WebSite v1.1e for Windows NT & 95 buffer overflows
|Description:||Cool. Win95/NT Buffer overflows with WebSite v1.1e for Windows NT and '95.|
|Compromise:||Run arbitrary commands remotely. |
|Vulnerable Systems:||Systems running WebSite v1.1e for Windows NT and '95. |
|Date:||6 January 1996 |
Date: Mon, 6 Jan 1997 20:56:21 -0500
To: Multiple recipients of list BUGTRAQ
Actually, this message is about buffer overflows in Windows, in general.
But let me put some exploits in here first.
I just happened to check out WebSite v1.1e for Windows NT and '95. There're
some nice security holes there, in the CGI example programs (should I say -
The first thing that I noticed is about the scripts, they have the following
lines in cgi-dos/args.cmd (and some others):
> rem NEVER NEVER ECHO URL COMPONENTS UNQUOTED!!! Consider
> rem a query string of xxx&del+/s+c:\*.* Your hard drive gets
> rem erased!! Same goes for args and extra path info!!!
and then some lines like this:
> echo QUERY_STRING="%QUERY_STRING%"
Obviously, just using the quotes is not enough. Why can't I close them, or
use a linefeed? The exploit can be:
Well, the stuff I just told about might be too obvious, some sysadmins
I know already have all the example scripts removed. Now, let's get to the
There's also an example C program, compiled to cgi-shl/win-c-sample.exe,
with the source provided in cgi-src/win-c-sample/win-c-sample.c, and the
following line in there:
> char *argv; // Max 32 command line args
That's a WinMain local variable, and is passed to SplitArgs(), which does
no bounds checking while filling it with the command line parameters. You
know what that means -- a nice buffer overflow.
Here are the exploits (I split the long URLs into several lines), you
can use any dos command in them (replace spaces with _'s):
-- WinNT (any version?):
-- Win95 (the release version only, will crash others!):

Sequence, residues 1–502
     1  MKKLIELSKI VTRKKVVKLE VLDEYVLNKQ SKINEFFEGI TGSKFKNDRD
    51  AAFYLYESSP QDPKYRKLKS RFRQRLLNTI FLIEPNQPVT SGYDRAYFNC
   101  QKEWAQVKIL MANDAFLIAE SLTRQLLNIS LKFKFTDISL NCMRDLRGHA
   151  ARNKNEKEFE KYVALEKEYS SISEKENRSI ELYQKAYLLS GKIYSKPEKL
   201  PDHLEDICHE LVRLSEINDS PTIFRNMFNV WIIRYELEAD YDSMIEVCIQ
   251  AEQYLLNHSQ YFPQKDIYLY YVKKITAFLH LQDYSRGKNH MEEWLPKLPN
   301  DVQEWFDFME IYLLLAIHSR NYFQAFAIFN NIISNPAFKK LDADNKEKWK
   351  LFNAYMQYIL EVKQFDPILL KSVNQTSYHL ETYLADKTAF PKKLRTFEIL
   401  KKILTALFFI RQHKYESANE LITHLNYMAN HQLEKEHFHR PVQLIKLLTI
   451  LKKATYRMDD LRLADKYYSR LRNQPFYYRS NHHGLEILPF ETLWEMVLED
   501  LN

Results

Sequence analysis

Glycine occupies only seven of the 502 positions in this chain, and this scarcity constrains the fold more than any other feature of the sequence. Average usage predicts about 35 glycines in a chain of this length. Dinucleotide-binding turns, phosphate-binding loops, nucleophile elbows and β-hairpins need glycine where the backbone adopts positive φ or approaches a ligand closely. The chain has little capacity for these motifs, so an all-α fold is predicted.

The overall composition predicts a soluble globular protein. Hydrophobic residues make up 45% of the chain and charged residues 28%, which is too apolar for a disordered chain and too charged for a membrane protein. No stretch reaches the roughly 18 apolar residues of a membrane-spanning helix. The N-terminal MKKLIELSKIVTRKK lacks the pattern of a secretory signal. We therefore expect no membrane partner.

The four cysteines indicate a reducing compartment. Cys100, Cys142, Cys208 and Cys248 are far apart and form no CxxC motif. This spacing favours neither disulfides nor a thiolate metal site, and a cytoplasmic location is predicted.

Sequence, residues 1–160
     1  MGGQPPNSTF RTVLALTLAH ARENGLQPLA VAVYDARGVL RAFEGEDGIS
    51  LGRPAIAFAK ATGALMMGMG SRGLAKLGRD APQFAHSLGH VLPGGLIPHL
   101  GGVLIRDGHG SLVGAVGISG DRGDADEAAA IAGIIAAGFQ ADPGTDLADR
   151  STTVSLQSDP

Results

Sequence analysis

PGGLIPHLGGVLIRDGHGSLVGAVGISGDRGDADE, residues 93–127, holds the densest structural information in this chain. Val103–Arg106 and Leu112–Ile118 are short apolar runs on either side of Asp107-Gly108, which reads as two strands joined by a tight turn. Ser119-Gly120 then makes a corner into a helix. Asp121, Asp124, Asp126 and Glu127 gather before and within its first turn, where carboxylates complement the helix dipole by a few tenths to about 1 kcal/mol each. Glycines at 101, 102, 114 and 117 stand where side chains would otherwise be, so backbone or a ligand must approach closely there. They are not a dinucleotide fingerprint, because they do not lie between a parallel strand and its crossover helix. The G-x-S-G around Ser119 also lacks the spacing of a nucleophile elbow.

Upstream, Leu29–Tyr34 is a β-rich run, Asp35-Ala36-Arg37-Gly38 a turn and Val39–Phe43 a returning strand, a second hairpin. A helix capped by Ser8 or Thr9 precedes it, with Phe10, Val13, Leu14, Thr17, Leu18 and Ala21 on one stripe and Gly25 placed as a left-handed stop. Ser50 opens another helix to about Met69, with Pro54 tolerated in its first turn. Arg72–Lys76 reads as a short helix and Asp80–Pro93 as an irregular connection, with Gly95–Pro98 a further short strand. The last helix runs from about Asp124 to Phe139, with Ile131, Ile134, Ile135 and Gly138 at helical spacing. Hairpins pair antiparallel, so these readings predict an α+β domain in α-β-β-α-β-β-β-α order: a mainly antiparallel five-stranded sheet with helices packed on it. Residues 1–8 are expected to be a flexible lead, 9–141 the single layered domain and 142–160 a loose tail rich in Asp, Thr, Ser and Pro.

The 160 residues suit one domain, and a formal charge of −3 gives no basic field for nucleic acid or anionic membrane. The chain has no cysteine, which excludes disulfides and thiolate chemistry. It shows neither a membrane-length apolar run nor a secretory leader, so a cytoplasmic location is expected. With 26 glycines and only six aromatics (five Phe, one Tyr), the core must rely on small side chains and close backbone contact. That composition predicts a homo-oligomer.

The example dos commands just copy the WebSite's readme.1st file, so you
can later check if the exploit worked by trying http://website.host/x1.htm.
Note that the server should respond to these exploits with an "Error: no
blank line separating header and data", because of the "1 file(s) copied"
message appearing without a blank line before it (which is required for
HTTP; if you need a command's output, you can redirect it to a file, and
get that file via HTTP with a separate request).
Finally, to the thing I'm writing this message for -- I mean the Win32
shellcode. I haven't seen any Win32 overflow exploits before (actually,
didn't look for them), so I had to code my own shellcode. This seems not
to be that simple as it would be for Win16, or as it is for most UNIX
systems. The problem is that normally Windows kernel calls require extra
relocation items, but the shellcode appears in an already loaded program.
The solution I used in the exploits above is doing a call to fixed kernel
offset. Actually, the WinNT exploit does pattern searches in the kernel
(due to the number of different kernel versions out there), while the Win95
one uses fixed offsets (I don't have Win95 myself, thanks must go to Lord
Byte for loading his WinIce and telling me the offsets). The two functions
I use are WinExec and ExitProcess.
Here're the two shellcodes in binary, uuencoded, so you can use them in
your own exploits if you wish.
begin 644 shell_nt.bin
begin 644 shell_95.bin
Note that I had to avoid using some codes (which the server didn't allow
me to use), that's why I do things like:
db 68h ; push imm32
pop esi ; \
pop eax ; | - the value being pushed
jmp esi ; /
call $+5 ; would contain zeroes
Have fun disassembling. I'll appreciate any suggestions on doing the kernel
calls a better way.
As for the holes -- the fix is obvious, just remove the examples after
you, the webmaster, have checked them out. Also, the holes will probably
get fixed in the next WebSite release (I wonder if they credit me;-). BTW,
they didn't even have the quotes in scripts I mentioned above, in some
The master index of all exploits is available
here (Very large file)
Or you can pick your favorite operating system:
This page is part of Fyodor's exploit
For a free program to automate scanning your network for vulnerable
hosts and services, check out my network mapping tool, nmap. Or try these Insecure.Org resources: